Kristian Fredriksson

The ice has been retracting since we came out of the little ice age and if you travel to Grossglockner in Austria you can see how much the ice melted on signs, telling you what year the ice was at that level, when you walk down to the glacier.

This has been going on for 200 years now but now we can see new glaciers building up around Europe, even in Great Britain. It can indicate a turn over, because of the hiatus of 18 years for the increase of the global warming, according to RSS satellite data.

There will be a delay of melting of course. In the southern hemisphere the ice is growing as before and maybe we are at a turning point right now.

If we are I hope the temperature will stay at this level and not sink too much, because that is not so good for the climate in the northern hemisphere. Right now it is perfect. The greening of the earth and less bad weather incidents are good news as I see it.

Higher carbon dioxide level will reduce the amount of stomata in leaves and they will be more resilient to drought because of lesser evaporation. That is why the Earth is getting greener with higher levels of carbon dioxide. That is happening right now.

Also less temperature differences between the Arctic and the tropics stabilizes the weather and reduces the sea currents and the winds. That reduces the heat transport to the Arctic and that can be a problem in some years i guess. The cold winters in northern America and Scandinavia can be back I am afraid. At least will the heat be delayed a week or two in the springtime.

The Arctic is the most important heat regulator on Earth. It emits much more heat to the Universe than it gets from the Sun. We should celebrate that fact. Maybe give thanks to the old god Bore who takes care of the Arctic. At least if you ask the old Germanic people living in the north.

Chris Reynolds

Has somebody opened up a portal to the dolt-dimension (i.e. WTFWT)? Oh, I remember, it was you Neven....

Still it's your blog. ;)


Kristian I would ask where on Earth you got your information about glaciers from?

Observations by scientists show glaciers are in sharp decline worldwide, and this loss has accelerated over recent decades.

This isn't "coming out of the little ice age". Ice retreat has accelerated abnormally in recent decades, it's due to the sharp warming of the Earth we've seen, which in turn has been caused by man.

"the hiatus of 18 years for the increase of the global warming"

There is no haitus of 18 years. That isn't something you'll find a scientist claiming, because the data is unequivocal: both the surface temperature of earth and heat content of the oceans have risen over the last 18 years and they will continue rising so long as greenhouse gases continue to increase.

"If we are I hope the temperature will stay at this level and not sink too much"

They aren't going to sink. Not a chance. They are going to rise much further than now. Greenhouse gases are still rising.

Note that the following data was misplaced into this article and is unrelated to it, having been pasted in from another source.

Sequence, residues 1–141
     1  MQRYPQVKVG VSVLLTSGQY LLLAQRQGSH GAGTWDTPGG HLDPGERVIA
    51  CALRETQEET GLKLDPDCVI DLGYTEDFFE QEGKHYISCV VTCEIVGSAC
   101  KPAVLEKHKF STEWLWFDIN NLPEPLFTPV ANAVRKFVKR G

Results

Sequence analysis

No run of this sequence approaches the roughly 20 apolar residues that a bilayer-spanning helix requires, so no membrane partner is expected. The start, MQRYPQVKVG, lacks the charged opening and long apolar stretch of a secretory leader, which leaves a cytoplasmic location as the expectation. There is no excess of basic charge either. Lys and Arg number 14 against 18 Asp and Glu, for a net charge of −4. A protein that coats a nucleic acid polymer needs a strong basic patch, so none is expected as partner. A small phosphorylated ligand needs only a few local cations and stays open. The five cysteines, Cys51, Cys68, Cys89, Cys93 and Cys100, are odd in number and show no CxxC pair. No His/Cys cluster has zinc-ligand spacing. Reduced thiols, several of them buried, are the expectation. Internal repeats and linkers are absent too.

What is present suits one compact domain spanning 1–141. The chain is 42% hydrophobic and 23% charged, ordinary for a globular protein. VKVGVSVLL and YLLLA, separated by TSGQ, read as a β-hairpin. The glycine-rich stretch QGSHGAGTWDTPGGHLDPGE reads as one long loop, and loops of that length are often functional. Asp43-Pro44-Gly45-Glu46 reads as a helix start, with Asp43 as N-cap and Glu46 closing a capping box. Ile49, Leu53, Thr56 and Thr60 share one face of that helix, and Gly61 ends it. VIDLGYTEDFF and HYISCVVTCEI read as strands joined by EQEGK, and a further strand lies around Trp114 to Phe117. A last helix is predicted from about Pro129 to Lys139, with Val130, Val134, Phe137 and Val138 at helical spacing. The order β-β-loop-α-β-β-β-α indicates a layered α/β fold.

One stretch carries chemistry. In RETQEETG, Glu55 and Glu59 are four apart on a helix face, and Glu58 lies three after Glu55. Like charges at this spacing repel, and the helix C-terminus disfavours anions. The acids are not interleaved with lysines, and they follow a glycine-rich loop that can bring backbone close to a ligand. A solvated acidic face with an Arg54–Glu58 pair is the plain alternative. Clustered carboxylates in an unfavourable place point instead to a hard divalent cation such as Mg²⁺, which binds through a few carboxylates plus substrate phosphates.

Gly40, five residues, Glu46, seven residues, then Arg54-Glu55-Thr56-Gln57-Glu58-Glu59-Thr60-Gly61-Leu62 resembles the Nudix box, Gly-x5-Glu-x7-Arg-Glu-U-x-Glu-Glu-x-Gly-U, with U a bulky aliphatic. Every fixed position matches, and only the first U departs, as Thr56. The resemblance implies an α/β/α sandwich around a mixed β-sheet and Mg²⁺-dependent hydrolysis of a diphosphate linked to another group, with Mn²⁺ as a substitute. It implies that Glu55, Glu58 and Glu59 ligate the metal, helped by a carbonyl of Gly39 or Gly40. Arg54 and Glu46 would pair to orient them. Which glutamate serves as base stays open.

"Also less temperature differences between the Arctic and the tropics stabilizes the weather and reduces the sea currents and the winds. The Arctic is the most important heat regulator on Earth. It emits much more heat to the Universe than it gets from the Sun. We should celebrate that fact."

And this is where you are dangerously wrong. What do the observations show? They show the Arctic is warming faster than the tropics. They show Arctic summer sea ice is in sharp decline.

You admit the arctic is an important heat regulator, but you completely ignore the fact that heat regulator is in meltdown. Where on earth do you get the idea that what is plainly observed by scientists isn't happening?


"but now we can see new glaciers building up around Europe, even in Great Britain"

There speaks the voice of an incurable myopic.

I was in the highlands only one week ago. Grampians, Cairngorms, Lawyers Group, Beinn Mhor and south of the Nevis range.

Glaciation? Well if green grass and bare stone is glaciation, there you have it. A few bits of snow in the north facing corries, but less than usual.

Perhaps I got it wrong? Perhaps glaciation has struck in Wales? Or maybe London.

Although I must admit a different kind of glaciation may strike in Westminster if the Scots vote Yes on September 18th....

Please go away and take your wet dreams with you.


Has somebody opened up a portal to the dolt-dimension (i.e. WTFWT)? Oh, I remember, it was you Neven....

I believe it's a portal that opens itself, Chris. And as a fellow-dolt I can be somewhat empathic and indulgent. :-)

It's unfortunate that people so uncritically assume misinformation to be true and then spread it around the Internet. Rebounds soon become recoveries, even though it's too early to tell, slowdowns become hiatuses/pauses/stops/reversals, even though there are several short-term factors at play that will flip again one day.

I'll have more to say about this in due time.


Quoting Chris R from the forum: "I don't know if anyone has pointed this out, but 2014 saw the second smallest PIOMAS volume loss from 1/6 to 31/8, only 1996 was lower."

I'm baffled, but it's worth brainstorming some factors and seeing whether we can piece together a causal chain. Compactness (especially in the main body of the pack) seems to be important, probably related to relatively low pressure gradients during most of the melt season. (Now that the cyclones are stirring, does this portend an atypical September drop in volume?)